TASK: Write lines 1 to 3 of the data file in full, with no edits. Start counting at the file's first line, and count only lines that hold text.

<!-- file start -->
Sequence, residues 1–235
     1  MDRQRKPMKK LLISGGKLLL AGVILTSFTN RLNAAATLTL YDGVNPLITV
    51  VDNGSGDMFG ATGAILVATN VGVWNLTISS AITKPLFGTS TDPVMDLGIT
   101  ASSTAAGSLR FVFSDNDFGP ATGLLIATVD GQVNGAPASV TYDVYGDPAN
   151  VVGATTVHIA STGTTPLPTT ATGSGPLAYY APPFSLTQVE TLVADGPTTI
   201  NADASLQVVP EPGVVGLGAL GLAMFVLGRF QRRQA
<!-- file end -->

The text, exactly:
Sequence, residues 1–235
     1  MDRQRKPMKK LLISGGKLLL AGVILTSFTN RLNAAATLTL YDGVNPLITV
    51  VDNGSGDMFG ATGAILVATN VGVWNLTISS AITKPLFGTS TDPVMDLGIT